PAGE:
Written by Nadia
Relationships come in all kinds. We’re all connected whether we want to be or not, whether we’re aware of it or not. And whether these invisible ties between us are strong or frayed or thin, when we see one person reacting towards another, there’s recognition.
Recognition. That’s where it all starts. It’s neutral ground. But then, with a little more attention, it becomes something else: tolerance.
What is tolerance? It’s the willingness to accept what lies in front of you. Remember the whole “don’t be a bystander” thing we talk about in school?
Tolerance can be defined as endurance, or a sleepy kind of recognition. It’s where all you believe you have in common with someone else in the situation is the place and time. You let it go, even if what you saw was a terrible injustice, with the excuse that “it’s none of my business.” And that’s that.
What can you add to tolerance to strengthen that connection between you and others? You find something in common. You start to feel for them, understand them. Your heart reaches out to them and you silently give them your strength. That’s when your tolerance becomes empathy.
Empathy is defined as acceptance with the addition of understanding. Whereas tolerance is the acknowledgement of others’ existence, empathy is acknowledgment with some sort of connection to that existence.
If you want to build on tolerance even more, try going from understanding to action. Compassion is the expression of connection in the physical world. It’s where you’d speak out for the person you believe in, or alert them and others to your connection. Compassion is where your empathy is so great that it compels you to act.
Compassion builds on empathy, which builds on tolerance. It builds up, step by step, to connection. When you think about it all together, it makes sense, doesn’t it?
This progression is what we all strive for. We tell ourselves to be compassionate, to stand up for others who face injustice, to be someone’s hero in any small way we can.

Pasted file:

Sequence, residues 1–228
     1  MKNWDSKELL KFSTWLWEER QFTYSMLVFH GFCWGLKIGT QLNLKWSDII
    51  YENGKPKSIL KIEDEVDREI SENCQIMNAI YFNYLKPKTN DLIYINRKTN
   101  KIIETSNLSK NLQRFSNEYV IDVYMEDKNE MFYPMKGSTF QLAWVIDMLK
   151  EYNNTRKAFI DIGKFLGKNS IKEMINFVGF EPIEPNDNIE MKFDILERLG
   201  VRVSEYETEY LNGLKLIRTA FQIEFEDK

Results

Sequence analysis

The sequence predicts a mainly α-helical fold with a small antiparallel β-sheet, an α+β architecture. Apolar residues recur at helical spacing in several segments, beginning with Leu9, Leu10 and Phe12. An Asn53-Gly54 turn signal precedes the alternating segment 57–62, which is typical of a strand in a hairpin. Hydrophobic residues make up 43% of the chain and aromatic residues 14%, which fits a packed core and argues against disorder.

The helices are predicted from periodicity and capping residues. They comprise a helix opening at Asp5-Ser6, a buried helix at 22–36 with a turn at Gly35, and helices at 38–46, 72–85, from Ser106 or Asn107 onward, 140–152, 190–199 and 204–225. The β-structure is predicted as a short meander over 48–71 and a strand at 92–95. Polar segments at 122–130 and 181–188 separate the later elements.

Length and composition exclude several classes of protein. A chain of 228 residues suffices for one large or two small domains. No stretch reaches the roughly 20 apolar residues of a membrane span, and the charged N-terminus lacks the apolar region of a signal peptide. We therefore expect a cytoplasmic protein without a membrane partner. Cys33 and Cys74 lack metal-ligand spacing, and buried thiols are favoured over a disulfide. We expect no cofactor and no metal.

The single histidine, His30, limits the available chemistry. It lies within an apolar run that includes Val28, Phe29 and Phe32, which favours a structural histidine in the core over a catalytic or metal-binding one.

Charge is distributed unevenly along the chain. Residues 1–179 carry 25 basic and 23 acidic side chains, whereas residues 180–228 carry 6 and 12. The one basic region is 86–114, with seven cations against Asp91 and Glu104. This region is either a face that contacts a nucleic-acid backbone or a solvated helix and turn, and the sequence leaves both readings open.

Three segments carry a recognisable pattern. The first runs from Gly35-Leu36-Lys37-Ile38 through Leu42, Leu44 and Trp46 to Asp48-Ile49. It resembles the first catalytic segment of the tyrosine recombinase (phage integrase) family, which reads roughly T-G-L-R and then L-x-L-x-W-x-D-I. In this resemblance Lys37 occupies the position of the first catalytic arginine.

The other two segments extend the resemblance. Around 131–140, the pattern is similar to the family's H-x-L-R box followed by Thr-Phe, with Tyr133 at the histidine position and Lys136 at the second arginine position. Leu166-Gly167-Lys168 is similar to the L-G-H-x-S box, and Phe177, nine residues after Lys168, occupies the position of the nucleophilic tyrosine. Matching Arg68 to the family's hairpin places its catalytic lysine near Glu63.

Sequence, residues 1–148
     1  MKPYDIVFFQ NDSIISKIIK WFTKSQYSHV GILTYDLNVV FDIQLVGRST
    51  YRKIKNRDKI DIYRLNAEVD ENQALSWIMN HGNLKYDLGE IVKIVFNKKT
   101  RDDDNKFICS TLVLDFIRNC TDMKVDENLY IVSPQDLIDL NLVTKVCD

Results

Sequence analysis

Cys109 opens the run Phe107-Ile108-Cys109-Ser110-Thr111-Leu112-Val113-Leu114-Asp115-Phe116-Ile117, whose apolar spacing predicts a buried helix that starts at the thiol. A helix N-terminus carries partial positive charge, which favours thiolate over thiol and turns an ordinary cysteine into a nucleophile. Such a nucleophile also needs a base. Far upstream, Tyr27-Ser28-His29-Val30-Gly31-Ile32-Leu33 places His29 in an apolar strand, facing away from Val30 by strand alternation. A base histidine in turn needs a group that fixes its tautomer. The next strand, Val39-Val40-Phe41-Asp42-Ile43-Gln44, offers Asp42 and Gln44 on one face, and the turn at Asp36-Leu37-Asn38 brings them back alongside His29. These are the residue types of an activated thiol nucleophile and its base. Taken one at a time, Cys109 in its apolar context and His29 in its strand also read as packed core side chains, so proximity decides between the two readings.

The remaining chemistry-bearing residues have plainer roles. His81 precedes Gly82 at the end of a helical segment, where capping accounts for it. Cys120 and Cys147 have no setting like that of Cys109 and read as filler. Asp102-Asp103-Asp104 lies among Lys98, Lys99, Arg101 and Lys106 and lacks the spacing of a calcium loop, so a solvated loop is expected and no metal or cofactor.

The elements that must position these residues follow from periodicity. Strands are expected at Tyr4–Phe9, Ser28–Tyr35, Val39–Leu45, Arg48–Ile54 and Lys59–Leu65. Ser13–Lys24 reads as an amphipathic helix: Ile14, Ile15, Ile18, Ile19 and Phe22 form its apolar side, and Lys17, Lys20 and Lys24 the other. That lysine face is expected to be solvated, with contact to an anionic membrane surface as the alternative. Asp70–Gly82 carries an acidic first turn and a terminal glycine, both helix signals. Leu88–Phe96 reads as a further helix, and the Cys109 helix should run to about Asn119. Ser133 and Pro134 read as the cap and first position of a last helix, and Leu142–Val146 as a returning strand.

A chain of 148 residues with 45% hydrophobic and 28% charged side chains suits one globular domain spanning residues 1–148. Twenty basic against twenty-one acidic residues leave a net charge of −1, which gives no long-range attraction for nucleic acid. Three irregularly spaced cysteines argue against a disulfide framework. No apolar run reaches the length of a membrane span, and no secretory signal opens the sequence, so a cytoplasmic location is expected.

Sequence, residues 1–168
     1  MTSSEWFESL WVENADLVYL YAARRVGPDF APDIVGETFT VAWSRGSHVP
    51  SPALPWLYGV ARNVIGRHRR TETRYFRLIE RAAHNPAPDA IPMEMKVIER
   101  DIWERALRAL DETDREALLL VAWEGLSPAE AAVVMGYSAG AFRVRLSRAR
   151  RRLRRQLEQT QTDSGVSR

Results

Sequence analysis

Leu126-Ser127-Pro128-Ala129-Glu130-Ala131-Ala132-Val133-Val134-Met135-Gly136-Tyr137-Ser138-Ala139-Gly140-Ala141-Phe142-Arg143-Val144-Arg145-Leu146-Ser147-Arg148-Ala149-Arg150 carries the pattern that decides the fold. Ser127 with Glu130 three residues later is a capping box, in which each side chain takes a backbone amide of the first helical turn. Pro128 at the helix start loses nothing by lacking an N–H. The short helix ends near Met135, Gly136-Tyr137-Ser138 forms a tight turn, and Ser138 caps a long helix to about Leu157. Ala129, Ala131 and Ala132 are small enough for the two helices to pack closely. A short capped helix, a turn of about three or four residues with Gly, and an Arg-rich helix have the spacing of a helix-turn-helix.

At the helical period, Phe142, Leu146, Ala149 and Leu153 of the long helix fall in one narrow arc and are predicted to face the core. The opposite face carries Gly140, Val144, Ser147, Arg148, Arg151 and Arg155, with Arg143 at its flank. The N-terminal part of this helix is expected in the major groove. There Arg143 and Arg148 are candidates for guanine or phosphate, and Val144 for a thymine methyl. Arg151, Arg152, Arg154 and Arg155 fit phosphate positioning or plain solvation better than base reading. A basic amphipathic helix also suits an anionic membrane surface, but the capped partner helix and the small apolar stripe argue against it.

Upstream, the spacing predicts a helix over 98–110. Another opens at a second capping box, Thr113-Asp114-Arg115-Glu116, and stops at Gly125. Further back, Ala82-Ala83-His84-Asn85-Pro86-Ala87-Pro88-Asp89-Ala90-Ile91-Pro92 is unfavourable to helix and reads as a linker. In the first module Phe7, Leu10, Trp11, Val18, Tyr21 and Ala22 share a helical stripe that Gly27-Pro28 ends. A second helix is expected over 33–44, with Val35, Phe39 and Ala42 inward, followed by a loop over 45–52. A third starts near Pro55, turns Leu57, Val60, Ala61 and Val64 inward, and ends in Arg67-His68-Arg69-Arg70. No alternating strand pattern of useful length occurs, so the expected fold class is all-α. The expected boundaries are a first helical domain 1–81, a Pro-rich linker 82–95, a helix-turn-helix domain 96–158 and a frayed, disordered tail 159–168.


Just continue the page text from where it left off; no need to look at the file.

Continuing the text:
That’s what we wish for. But what actually occurs?
What happens if you look at tolerance, and instead of adding some aspect of connection to it, you take something away?
Let’s return to tolerance. Tolerance is permissive action towards others’ lives, endurance of ideas. What would happen if we took away that endurance?
Tolerance would become intolerance.
Intolerance- the refusal to respect beliefs or pieces of another’s existence. Intolerance means you stop being the bystander and start thinking like the bully.
But that’s not the farthest you could go. Intolerance is the inability to endure another’s differences. It’s similar to empathy, in that regard: you’re thinking about the situation someone else is in.
Intolerance is thinking about the situation, so there must be another step down, just like compassion is a step up from empathy.
Compassion is where your empathy compels you to act. Discrimination is where your intolerance compels you to act.
Discrimination is the negative action of singling out another individual and, instead of establishing connection, establishing differences in a hurtful manner. That’s when you really become the oppressor, the bully in place of the bystander. And unfortunately, oppressors can be born the second discrimination takes hold.
So you could think of this progression as a second ladder, one leading downwards. Tolerance without acceptance is intolerance, and intolerance without restraint is discrimination.
But one could also try looking at it this way: are intolerance and empathy simply enhanced branches of tolerance? Is tolerance the crossroads between connection and separation?
Intolerance, like empathy, is the forming of an opinion. Discrimination, like compassion, is acting on your opinion.
How bizarre- intolerance is so similar to empathy, discrimination so similar to compassion. The only real difference is whether or not the individual believes in connection.
We all have the power to connect to one another, it is simply the matter of looking hard enough. Our invisible ties grow stronger or weaker depending on our own willingness to search.